Geography, soil, varietal, climate, farming method, altitude (or together what we might call ‘terroir’) all play a part in how coffee will taste. The way it is then roasted also makes a huge difference to its flavour profile.
However, there’s also a crucial stage between growing and roasting, which occurs at the farm, or processing station.
The harvested cherries will either be separated from the juices or kept together and then dried. There are several ways to do this, but we’ll concentrate on three of the most widely used methods, bearing in mind, the method used makes a big difference to the character and flavour of the resulting coffee beans.
The ‘Natural’, or ‘Dry’, process
Natural is the simplest and oldest way of processing coffee. It involves drying the coffee cherries directly on patios or raised beds, usually, these are sun-dried.
This method is very difficult to master, as the risk of fermentation or spoiling of the beans is ever-present. The cherries need to be turned frequently to avoid this.
It’s widely used in Brazil, Ethiopia, and lately in other countries because of the flavour profiles that are able to achieve. As they dry, sugars from the fruit and tannins from the skin seep into the bean. Coffees processed this way tend to be very sweet and fruity. In some of the top quality coffees notes of strawberry, blueberry, and banana are commonly found.
Once the dried cherries reach around 12% moisture content, they can be hulled – the skin and fruit are mechanically removed, rested and graded, ready for export.
The ‘Washed’, or ‘Wet’ process
The washed process if the most common method of processing and removes all the juices (also known as the ‘mucilage’) and skin of the coffee cherry before drying the beans inside.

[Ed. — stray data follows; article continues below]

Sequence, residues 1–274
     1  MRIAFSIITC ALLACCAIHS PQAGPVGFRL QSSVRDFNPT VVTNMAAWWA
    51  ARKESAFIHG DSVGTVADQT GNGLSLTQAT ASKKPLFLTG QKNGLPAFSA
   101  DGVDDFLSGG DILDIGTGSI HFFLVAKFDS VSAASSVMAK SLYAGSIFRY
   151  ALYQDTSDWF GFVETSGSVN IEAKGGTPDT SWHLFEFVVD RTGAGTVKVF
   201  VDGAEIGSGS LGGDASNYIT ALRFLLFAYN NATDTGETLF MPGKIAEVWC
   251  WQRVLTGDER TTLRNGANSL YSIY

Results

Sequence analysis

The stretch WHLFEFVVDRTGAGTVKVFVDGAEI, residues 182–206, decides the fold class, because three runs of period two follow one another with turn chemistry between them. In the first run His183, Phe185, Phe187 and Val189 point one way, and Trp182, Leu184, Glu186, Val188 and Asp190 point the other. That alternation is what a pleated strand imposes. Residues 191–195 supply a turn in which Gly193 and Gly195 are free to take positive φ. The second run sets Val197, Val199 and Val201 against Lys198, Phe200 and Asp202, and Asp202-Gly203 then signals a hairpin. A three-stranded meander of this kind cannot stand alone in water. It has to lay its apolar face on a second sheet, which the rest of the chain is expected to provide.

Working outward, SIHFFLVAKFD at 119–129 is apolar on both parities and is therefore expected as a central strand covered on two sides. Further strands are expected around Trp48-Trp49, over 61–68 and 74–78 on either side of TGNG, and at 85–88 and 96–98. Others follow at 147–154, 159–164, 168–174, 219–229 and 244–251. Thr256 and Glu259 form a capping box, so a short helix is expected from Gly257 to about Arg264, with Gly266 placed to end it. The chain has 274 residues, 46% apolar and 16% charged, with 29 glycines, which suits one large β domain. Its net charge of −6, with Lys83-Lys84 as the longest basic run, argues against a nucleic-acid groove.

The harvested cherries are first put through a machine called a ‘depulper’, which removes all the skin and bits of fruit. The beans are then fermented for 12-24 hours to help remove the mucilage attached to the seeds. After this, the beans are ready to be washed and taken to patios or guardiolas (mechanical dryers) for drying.
This process requires a lot of water and equipment, and so is relatively expensive. Coffees processed this way tend to have a bright and elegant acidity.
The ‘Pulped Natural’ process
This process involves mechanically removing the skin and a good part of the mucilage of the cherries using a depulper. The beans left with a little bit of mucilage are put straight on patios to dry. Similar to the ‘natural process’ the risk of spoiling the beans is ever-present, so they need to be turned frequently as well.
There is enough sugar present in the remaining fruit to significantly increase the sweetness of coffees processed this way. In Spanish, the name for this process is miel, or ‘Honey’, which is very appropriate. Lately, this process has been modified to have different quantities of pulp/mucilage left on the beans, creating a different process altogether, like the ‘White’ ‘Yellow’, ‘Red’ and ‘Black’ Honey process.
In general, pulped natural and variations of this process deliver a more refined taste than the ‘natural’ processed beans, with more rounded chocolate and fruity notes, and typically a little bit less acidity than washed coffees.
The different processes are used for a variety of cultural and practical reasons and have developed independently of each other over centuries of coffee growing.
They are often a distinctive part of the local character of a coffee-growing region. In recent times, we have seen more availability of coffees processed in different ways, which is a great way to add value to the coffees produced by farmers worldwide.
We use variations of different processes from around the world to create our unique espresso blend.